Updated: Jan 22, 2022
Chiropractic care is a relatively new branch of medicine that has quickly become established as one of the most popular complementary treatments in the world. Approximately 50 million Americans receive chiropractic care every year and it is fully regulated and licensed and is often covered by health insurance.
What is the history of chiropractic care?
Chiropractic care was devised by D. D. Palmer in 1895. He had a background in magnetic healing and he met a janitor named Harvey Lillard who was partially deaf after an accident that had also affected his back. Palmer found a lump on his spine and deduced that a vertebra was out of its proper alignment, so used the first chiropractic adjustment to push it back into place. Lillard's hearing improved.
After this, Palmer also found a link between spinal subluxation and heart disease after dealing with a patient whose vertebra was pressing on a nerve that ran to his heart. His condition again improved after chiropractic treatment. From these beginnings chiropractic care as we know it today was born. It has always emphasized not using medication to treat symptoms but instead finding ways to help the body to heal itself.
Chiropractic care has dealt with some controversy. At the time of its creation, there was ongoing tension between physicians from mainstream medicine and alternative medicine practitioners, and chiropractic care landed in the latter camp. But its popularity with patients meant that it never fell out of favor and chiropractors pushed for chiropractic care to be accepted as an effective treatment for a wide range of ailments and conditions.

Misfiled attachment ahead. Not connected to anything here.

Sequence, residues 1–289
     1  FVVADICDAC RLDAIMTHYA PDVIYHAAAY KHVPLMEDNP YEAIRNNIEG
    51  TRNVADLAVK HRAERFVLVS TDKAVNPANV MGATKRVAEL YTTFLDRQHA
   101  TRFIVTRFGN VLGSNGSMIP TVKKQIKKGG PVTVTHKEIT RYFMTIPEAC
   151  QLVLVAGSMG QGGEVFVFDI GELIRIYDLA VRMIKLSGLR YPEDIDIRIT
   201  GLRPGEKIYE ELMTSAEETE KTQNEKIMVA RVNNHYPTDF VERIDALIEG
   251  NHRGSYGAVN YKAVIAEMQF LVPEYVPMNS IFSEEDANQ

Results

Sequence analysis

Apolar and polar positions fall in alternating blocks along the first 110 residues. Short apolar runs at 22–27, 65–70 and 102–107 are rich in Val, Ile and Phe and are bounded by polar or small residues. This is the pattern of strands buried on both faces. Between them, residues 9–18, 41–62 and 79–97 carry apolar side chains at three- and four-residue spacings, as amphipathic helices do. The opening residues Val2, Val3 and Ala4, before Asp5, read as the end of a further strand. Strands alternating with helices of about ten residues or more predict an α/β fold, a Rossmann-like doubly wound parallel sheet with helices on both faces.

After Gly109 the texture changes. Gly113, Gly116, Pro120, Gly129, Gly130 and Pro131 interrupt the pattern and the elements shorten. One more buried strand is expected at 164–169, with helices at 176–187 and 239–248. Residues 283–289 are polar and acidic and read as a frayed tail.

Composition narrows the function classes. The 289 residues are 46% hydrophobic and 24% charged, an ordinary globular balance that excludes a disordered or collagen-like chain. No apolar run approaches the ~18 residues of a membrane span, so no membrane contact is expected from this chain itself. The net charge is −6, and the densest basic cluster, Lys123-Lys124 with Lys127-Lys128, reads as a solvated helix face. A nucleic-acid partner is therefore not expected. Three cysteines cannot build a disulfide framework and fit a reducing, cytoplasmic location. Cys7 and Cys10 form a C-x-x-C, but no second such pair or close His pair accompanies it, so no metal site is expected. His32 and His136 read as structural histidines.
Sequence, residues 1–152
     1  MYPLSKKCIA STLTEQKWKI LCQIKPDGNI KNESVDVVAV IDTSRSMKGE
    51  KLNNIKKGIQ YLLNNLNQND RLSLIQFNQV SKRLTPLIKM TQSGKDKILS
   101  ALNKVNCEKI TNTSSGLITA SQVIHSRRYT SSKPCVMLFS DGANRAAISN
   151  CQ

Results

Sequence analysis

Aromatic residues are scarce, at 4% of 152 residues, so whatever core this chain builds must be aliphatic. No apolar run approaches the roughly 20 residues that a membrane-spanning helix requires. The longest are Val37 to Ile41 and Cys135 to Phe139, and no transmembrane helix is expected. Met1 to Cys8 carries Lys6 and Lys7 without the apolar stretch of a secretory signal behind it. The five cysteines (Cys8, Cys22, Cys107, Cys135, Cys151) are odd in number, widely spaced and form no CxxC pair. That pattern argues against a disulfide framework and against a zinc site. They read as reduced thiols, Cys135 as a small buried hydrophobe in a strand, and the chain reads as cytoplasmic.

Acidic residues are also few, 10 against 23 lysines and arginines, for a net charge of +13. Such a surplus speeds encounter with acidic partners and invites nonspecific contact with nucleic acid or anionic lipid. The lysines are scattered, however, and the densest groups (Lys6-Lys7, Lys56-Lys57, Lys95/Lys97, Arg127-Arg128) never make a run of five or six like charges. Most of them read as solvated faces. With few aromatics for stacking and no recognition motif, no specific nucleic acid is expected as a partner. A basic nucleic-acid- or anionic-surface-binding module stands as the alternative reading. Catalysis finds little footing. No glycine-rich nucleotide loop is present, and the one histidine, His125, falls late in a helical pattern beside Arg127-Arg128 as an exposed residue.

Since then, chiropractic care has been slowly but surely moving into the mainstream and becoming established and trusted, not just by patients but also by the medical establishment. Chiropractic care has now been regulated in the US for more than 100 years and has 20 accredited colleges.
The modern chiropractor often isn't limited to spinal adjustments, and there have been modifications to the original theory on the basis of research and evidence. The inclusion of other forms of therapy that treat the musculoskeletal system using methods other than improving the alignment of the skeleton has meant that chiropractors are often able to treat their patients fully themselves without needing to refer to other health practitioners.
There has been a wealth of experiments and research into the effectiveness of chiropractic care and, for lower back pain and neck pain, chiropractic care is now a recommended treatment by the American College of Physicians. And the evidence is still being collected for the treatment of other conditions.
While chiropractic care has changed dramatically since its formation by D. D. Palmer, it still retains its focus on using non-invasive and drug-free methods to help improve patient health and wellbeing. And it has the same philosophy that dysfunction in one part of the body, and especially the nervous system, has the potential to impact other areas of the body, and that treating that dysfunction can help to treat seemingly unconnected systems.
While chiropractic care doesn't have the long history stretching back to ancient times that many other branches of medicine possess, evidence for its effectiveness has been growing ever since its creation in the late 1800s. As time goes on, and chiropractic care becomes established as an effective form of medicine, it will have the potential to reach and help many more people.